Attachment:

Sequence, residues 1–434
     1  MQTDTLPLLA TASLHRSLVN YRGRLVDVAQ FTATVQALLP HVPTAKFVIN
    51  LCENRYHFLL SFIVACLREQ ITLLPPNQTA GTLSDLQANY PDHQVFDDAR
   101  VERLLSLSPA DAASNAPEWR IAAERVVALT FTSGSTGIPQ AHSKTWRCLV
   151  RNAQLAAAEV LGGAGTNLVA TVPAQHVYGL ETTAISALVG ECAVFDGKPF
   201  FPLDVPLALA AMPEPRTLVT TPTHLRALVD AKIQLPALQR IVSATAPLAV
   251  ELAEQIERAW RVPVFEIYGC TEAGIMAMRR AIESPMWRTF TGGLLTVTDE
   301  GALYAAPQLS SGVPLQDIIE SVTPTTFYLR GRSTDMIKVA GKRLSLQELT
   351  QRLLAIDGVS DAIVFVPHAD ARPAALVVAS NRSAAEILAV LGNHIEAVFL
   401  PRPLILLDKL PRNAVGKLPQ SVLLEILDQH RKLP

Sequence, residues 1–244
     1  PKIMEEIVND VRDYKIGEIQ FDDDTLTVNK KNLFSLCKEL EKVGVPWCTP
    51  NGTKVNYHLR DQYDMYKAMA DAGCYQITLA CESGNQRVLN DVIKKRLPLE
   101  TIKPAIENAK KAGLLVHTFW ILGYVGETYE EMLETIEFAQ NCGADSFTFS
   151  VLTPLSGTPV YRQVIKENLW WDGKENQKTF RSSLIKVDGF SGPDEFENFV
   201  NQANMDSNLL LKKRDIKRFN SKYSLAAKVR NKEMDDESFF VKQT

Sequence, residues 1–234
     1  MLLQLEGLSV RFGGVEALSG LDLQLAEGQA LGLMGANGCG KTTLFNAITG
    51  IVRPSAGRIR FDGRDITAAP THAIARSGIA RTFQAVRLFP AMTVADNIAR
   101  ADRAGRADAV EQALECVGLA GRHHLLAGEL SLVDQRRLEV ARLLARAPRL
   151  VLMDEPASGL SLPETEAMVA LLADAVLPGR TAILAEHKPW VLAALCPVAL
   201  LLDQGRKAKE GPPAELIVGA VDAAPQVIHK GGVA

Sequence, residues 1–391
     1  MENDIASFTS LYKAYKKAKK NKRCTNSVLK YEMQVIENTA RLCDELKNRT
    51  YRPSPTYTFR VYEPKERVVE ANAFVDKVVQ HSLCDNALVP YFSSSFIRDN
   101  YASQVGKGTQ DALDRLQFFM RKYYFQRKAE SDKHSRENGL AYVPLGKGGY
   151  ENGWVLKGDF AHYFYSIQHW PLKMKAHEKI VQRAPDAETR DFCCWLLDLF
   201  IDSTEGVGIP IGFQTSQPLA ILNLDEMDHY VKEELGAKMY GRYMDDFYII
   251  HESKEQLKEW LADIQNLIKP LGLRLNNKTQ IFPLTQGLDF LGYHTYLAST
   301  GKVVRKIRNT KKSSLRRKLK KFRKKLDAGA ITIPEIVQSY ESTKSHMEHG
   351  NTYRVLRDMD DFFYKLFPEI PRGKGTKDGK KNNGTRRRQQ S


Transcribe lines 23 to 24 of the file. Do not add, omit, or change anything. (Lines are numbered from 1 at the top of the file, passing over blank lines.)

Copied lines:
Sequence, residues 1–391
     1  MENDIASFTS LYKAYKKAKK NKRCTNSVLK YEMQVIENTA RLCDELKNRT